Where Can You Work in a Dental Assistant Career?
Learn where a dental assistant can work, including specialized areas.
In a dental assisting role, you’ll be responsible for things like maintaining patient records, educating patients on basic dental health and resources, and prepping patients for exams and procedures.
If you do pursue a career as a dental hygienist, your role will be expanded into duties like examining patient teeth and gums, making it a more hands-on position.
Dental assisting jobs allow dentists to focus more on patient health, while those in assisting positions take care of administrative and technical duties. Because of this, every successful dentist needs great assistants in order to thrive.
What does a dental assistant do?
If you’re in a dental assisting role, whether as a hygienist, assistant, or technician, your duties might vary by practice, or even by state. Generally speaking, you’ll be tackling administrative duties and patient prep no matter where you’re employed, but other responsibilities can vary. Typically, someone in a dental assisting role takes care of the following:
- Maintaining patient records
- Prepping patients for procedures
- Assisting dentists during procedures by handing instruments
- Sterilizing dental instruments
- Scheduling patient appointments
- Instructing patients on dental health and hygiene
- Completing basic lab tasks
- Ensuring patients feel comfortable in the dental chair
If you take on a dental hygienist role, you will also be examining patients’ gums and teeth to check for diseases or abnormalities, as well as applying sealants, fluoride, remove stains and plaque from teeth, and take X-rays.
Should you choose a dental technician career, you will not have the same administrative duties as hygienists or assistants; instead, your duties will revolve around crafting dentures, crowns and other dental prosthetics for patients.
What certification will I need to become a dental assistant?
The certification needed to practice dental assisting varies by job title, and it sometimes varies by state, also.
- Dental assistant certification: Most dental assistants who choose to become nationally certified take the Certified Dental Assistant (CDA) examination offered by the Dental Assisting National Board (DANB). Other certification requirements vary by state.
- Dental technician certification: As a dental technician, you can be certified through the National Board for Certification in Dental Laboratory Technology (NBCCERT), which offers the opportunity for you to become a Certified Dental Technician (CDT). Certification is available in six specialty areas: orthodontic appliances, crowns and bridges, complete dentures, partial dentures, implants and ceramics.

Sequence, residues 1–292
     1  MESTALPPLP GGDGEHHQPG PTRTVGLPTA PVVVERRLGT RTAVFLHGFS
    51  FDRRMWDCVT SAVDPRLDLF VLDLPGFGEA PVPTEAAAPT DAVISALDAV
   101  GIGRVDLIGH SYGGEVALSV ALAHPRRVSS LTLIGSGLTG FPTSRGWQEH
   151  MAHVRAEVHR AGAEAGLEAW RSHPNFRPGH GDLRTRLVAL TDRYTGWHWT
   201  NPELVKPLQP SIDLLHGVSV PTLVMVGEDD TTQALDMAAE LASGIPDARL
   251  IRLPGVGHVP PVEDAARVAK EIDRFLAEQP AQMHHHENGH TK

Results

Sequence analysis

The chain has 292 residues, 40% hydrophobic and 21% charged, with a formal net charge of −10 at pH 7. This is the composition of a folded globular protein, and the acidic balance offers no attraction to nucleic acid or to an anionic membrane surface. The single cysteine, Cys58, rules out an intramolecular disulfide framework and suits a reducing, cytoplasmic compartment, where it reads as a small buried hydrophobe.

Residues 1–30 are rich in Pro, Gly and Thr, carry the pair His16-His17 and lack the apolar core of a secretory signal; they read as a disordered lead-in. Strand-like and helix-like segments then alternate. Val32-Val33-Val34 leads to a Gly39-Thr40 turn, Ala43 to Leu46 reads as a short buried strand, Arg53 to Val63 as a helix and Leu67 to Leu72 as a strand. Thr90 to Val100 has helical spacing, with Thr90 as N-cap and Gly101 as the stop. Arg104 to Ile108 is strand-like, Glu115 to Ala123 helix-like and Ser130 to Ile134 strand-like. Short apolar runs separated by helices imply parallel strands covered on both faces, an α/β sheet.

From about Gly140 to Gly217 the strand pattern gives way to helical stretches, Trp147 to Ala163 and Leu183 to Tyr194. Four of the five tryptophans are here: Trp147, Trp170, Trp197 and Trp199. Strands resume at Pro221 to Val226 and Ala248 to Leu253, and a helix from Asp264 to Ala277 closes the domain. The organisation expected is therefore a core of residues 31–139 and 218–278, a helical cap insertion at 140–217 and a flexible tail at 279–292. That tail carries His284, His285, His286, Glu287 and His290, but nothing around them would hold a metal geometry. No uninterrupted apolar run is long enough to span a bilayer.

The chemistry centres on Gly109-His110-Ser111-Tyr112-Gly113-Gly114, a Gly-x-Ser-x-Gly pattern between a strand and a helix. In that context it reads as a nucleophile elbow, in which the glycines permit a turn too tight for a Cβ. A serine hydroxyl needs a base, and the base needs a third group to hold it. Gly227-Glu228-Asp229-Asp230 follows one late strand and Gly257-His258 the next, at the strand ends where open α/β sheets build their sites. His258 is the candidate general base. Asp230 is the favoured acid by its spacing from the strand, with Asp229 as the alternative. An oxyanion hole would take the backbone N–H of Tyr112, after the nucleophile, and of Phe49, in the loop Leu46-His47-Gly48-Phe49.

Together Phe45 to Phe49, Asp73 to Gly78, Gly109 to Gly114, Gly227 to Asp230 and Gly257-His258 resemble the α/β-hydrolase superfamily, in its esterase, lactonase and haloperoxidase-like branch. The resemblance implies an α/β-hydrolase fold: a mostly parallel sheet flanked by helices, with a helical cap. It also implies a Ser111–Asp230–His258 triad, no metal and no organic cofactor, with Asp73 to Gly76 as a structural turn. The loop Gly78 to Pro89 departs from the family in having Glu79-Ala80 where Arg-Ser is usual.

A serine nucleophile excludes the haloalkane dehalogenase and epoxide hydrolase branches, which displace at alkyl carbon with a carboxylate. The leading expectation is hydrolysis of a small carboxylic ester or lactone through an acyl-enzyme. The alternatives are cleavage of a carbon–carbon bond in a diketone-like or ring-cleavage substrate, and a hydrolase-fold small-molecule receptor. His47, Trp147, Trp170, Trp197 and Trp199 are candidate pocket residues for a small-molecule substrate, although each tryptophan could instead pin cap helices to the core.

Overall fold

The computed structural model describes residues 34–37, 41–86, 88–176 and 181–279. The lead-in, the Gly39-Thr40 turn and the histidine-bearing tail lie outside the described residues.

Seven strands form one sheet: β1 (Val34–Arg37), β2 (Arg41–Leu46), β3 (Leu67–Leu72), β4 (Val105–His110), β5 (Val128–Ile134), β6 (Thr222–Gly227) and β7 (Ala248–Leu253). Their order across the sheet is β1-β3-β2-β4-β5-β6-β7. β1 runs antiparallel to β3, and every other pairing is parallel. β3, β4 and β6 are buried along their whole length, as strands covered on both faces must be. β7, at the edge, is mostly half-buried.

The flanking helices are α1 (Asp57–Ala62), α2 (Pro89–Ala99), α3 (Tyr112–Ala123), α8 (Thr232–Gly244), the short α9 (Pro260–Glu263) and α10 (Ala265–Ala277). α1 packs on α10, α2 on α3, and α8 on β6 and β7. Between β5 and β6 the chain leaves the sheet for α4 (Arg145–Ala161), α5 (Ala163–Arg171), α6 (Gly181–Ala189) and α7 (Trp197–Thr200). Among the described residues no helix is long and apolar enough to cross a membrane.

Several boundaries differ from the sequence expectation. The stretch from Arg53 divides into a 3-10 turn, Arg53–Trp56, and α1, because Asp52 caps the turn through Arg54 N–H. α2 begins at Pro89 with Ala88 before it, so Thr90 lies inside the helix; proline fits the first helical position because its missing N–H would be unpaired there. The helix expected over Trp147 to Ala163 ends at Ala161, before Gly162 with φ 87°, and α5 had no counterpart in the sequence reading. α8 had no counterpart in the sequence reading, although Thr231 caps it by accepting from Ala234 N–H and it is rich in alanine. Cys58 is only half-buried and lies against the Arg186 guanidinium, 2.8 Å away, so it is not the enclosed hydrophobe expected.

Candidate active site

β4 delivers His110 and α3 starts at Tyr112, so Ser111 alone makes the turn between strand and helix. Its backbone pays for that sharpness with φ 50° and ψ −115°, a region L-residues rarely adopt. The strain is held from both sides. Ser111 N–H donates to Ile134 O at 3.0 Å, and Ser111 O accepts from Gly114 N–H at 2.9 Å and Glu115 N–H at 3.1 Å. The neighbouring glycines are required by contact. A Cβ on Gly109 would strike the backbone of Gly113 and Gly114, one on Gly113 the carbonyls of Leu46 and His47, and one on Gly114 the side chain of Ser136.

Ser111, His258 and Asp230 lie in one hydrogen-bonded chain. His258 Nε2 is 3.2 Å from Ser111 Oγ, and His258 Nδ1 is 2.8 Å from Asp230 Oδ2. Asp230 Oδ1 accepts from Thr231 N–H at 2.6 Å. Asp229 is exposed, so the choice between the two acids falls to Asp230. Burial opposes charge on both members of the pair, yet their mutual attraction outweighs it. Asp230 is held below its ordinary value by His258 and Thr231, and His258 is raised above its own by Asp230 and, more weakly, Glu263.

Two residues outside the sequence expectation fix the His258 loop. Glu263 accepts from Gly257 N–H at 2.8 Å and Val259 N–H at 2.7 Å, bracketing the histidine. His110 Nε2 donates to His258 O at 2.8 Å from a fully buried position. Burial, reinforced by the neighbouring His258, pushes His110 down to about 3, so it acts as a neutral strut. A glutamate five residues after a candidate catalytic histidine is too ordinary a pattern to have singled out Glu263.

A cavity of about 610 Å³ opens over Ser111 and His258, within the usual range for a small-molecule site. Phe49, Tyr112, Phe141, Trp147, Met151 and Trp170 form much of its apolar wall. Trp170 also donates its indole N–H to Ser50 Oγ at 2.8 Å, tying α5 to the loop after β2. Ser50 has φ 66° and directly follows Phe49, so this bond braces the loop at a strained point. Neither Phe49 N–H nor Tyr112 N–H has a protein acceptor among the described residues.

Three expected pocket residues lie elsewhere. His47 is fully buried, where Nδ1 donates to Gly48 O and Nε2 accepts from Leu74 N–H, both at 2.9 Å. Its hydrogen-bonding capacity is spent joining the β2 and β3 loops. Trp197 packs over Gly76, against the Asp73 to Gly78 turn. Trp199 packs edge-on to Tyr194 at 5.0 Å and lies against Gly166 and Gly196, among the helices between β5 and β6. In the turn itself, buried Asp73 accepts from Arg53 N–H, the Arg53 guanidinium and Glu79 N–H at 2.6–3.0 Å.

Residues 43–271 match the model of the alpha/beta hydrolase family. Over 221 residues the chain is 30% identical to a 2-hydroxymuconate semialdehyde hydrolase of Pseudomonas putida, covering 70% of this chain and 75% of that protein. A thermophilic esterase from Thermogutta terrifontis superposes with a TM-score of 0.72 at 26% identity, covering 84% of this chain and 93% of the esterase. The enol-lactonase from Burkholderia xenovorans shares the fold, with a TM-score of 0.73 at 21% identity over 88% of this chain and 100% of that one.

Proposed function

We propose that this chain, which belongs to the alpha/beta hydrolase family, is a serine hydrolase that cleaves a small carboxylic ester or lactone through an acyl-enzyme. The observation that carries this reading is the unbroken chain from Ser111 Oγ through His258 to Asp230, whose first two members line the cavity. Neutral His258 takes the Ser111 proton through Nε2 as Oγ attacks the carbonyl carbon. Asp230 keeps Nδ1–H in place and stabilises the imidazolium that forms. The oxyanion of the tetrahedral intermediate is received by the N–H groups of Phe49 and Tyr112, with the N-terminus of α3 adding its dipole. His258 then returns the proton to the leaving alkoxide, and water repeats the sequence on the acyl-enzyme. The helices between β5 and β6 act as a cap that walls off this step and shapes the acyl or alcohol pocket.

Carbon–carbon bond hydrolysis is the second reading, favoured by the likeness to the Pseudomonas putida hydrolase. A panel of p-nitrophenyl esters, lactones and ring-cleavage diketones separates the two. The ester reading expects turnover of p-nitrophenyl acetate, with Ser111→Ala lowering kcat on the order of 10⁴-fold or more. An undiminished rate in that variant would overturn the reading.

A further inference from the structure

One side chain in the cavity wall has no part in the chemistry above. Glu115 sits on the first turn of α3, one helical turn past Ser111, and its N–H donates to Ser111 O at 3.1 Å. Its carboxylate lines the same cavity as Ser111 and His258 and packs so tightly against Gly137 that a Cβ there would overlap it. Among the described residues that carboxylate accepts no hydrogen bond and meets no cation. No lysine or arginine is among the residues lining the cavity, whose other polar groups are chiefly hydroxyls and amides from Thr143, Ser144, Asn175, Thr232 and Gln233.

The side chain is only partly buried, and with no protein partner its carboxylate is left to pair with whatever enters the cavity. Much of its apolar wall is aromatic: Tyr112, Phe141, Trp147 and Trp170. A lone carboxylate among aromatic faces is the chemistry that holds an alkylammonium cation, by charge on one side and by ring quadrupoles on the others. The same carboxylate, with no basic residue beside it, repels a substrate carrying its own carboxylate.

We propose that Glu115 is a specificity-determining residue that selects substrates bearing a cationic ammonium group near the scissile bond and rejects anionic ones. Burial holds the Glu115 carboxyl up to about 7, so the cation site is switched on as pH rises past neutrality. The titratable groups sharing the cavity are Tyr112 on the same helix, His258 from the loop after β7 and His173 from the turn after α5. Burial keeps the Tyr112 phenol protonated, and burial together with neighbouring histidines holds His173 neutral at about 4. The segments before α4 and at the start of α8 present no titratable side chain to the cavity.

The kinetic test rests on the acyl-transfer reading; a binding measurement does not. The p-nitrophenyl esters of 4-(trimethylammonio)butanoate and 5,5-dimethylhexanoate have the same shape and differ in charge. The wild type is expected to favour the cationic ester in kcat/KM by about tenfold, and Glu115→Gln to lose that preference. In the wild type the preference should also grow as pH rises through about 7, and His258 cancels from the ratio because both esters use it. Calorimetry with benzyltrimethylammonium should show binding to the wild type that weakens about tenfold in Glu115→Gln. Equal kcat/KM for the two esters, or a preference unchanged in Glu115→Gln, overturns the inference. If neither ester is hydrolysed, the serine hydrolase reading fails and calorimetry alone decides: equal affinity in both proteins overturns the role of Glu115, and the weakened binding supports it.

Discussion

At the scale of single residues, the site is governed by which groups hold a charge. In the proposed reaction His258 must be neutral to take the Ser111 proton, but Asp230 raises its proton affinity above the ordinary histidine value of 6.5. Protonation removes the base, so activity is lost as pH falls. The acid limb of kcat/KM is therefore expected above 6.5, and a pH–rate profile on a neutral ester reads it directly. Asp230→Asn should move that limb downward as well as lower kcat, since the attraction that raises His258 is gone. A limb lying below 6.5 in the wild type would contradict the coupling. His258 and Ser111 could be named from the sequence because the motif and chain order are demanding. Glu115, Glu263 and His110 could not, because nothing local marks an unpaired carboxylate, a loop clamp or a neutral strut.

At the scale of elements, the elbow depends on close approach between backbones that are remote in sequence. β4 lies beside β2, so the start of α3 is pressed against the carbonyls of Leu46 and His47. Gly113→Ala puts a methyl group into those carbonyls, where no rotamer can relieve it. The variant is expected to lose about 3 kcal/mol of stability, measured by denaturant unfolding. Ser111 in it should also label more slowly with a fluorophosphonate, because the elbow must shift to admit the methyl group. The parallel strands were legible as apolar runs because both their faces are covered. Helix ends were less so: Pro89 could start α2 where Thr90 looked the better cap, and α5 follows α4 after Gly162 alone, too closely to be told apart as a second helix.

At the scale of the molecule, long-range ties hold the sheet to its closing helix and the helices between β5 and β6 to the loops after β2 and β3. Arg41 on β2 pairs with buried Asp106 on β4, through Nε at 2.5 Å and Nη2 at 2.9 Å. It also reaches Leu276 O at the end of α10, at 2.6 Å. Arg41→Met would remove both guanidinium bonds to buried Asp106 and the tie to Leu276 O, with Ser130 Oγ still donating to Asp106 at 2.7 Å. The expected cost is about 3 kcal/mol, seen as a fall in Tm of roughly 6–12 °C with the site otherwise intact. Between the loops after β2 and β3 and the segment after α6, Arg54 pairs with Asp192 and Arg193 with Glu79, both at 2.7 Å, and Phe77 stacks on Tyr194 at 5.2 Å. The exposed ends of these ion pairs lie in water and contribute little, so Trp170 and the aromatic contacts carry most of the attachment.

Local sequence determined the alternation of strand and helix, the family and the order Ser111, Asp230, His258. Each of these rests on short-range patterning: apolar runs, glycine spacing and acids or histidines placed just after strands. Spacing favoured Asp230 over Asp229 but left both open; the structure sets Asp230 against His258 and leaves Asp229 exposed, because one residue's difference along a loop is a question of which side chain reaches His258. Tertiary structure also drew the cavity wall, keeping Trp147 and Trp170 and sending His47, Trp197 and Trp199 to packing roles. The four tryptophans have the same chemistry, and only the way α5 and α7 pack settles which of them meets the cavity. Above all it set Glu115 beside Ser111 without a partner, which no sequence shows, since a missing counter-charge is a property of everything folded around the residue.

To qualify for the title of CDT, technicians need to have at least five years of on-the-job training or experience in dental technology, or have graduated from an accredited dental laboratory technician program. On top of this, you must also pass three exams to become a CDT.
- Dental hygienist certification: Each state requires that dental hygienists become licensed to practice, but these licensure requirements vary by state. In the majority of states, you’ll need a diploma from an accredited dental hygiene program in order to qualify. The best way to be certain of specific requirements is to check with your state’s dentistry, medical or health board.
Certified Dental Assistant Examination
The Certified Dental Assistant exam is approximately 4 hours long and consists of 320 test questions. On a scale of 100 to 900 available points, test-takers must pass with a score of 400 or better, which they earn by completing 3 test sections:
- General chair-side test: 120 questions
- Radiation health and safety: 100 questions
- Infection control test: 100 questions
Where can I work as a dental assistant?
If you pursue a career in dental assisting, you can choose to focus on becoming an assistant, hygienist or technician. Whichever of these careers you choose to pursue will impact where you work, but generally speaking, dental assistants and hygienists almost always work in dentists’ offices, and dental technicians tend to work in laboratories.
Specialties and Alternatives
In addition to traditional dental practices, dental assistants have the opportunity to work in specialty areas, such as:
- Oral and maxillofacial surgery: Removal of teeth and correction of facial deformities
- Orthodontics and dentofacial orthopedics: Straightening teeth with braces or other appliances
- Endodontics: Root canal treatment
- Periodontics: Treatment of gum problems
- Prosthodontics: Replacement of lost teeth
- Pediatric dentistry: Treatment of children
Dental Assistant Advancement
Experienced dental assistants may be promoted to an office manager or supervisor position. Other career paths for dental assistants include:
- Insurance claims processing
- Dental product sales representative